Part 1 | Part 2
Often we are not taught how to forgive, although we are often told that forgiveness is very useful for inner peace.
Forgiveness can sometimes seem very difficult, since our minds become so attached to the story of "he/she/they" and "me", as well as the anger or resentment that come with it.
How to forgive is best discovered when we see that the story in the head is just a collection of thoughts, and that the only purpose of holding on to the story is to maintain a false identity, keep us trapped in time, and trapped in pain.
There seem to be two types of forgiveness –
- forgiving something or someone from the past.
- forgiving something or someone arising in the present moment.
This article will cover both.
How To Forgive The Past
If there is an event that has past, that is no longer present in your life, then why are you still even thinking about it? A better question would to be: is it you who is still thinking about it? Find out for yourself – can you witness the thoughts of the past events arising? Can you witness the “me” that feels wronged, betrayed or hard-done by? Can you witness the emotions that come with the story and mind identity?
If you can witness these things, then are they really who you are? You are the pure silent witness, so remain as that for a moment. Let the feelings and thoughts of the past be there, but do not identify with these things, since they will come and go. Remain as the witness.
Be aware of the space that the story of the past arises within. Is the space affected? Is it moved or upset? Does it even care about the mental/emotional story? Be fully aware of this still, silent space that your internal dialogue arises within. Give your full attention to this space, since this space will not leave you or harm you.
If you fully believe in the story that your mind tells you about a past event, then forgiveness is very difficult. True forgiveness comes from beyond the mind, where the sense of separation and personal identity do not exist. The reason forgiveness seems so hard is because the mind has taken over.
Forgiveness will often not make sense to the mind. As long as the mind has a story of “me”, “he”, “she”, or “they”; then it has an identity, an occupation to keep it alive. Do not be fooled by the mind. Go beyond it and dwell as the space in which it arises.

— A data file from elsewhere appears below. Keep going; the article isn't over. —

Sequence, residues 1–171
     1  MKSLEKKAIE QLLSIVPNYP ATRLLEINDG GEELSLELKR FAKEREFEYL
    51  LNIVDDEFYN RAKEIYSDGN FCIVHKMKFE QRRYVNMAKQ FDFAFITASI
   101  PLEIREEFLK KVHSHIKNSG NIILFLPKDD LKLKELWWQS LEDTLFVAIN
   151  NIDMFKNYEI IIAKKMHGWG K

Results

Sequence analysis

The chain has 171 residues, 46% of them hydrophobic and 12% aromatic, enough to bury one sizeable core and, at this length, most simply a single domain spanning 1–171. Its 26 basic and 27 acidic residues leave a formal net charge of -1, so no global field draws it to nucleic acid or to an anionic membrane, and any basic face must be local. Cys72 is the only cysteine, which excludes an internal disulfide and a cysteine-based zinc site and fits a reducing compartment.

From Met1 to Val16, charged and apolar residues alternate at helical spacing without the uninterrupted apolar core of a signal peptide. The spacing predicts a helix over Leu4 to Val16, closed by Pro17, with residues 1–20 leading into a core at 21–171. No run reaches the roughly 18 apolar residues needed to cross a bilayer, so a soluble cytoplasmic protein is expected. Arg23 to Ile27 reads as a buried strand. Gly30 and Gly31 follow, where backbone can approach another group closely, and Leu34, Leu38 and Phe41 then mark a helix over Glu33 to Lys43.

Then forgiveness is not even necessary, since the story is no longer given authority. Rather than a “me” having to forgive someone else, you realise that the past has no effect on you, no power over you, so there is nothing to forgive.
The final tip on how to forgive is this: how helpful is not forgiving? Does it feel nice? Does it feel bad? Is it both? When you see for yourself that holding on to the past is futile, that it only leads to more suffering and a congested sense of self, then it will lose power by itself. Realising the futility of the behaviours of the mind will lead to automatic transcendence.
How To Forgive Yourself
The phrase of “me forgiving myself” is a common one. Yet, it does not make sense. Who is the“me” forgiving, and who is the “myself” that is being forgiven?
- They are both self-concepts. Fictions of the mind. Both of these “selves” come from thoughts and imagination. You are the witness of both.
These self-concepts arise when we identify with the actions of our body and minds, and when we believe in the reality of the past. The past has past, identifying with it is to create a false identity, or in other words – to hold on to the ego in you. Leave the past alone, it does not want to be touched.
You are here, witnessing all that arises. Realise this for yourself, and see that what you thought needed forgiveness is just a collection of thoughts that were previously given power through your own identification.
This is true forgiveness – seeing that what you thought needed forgiveness, is not real.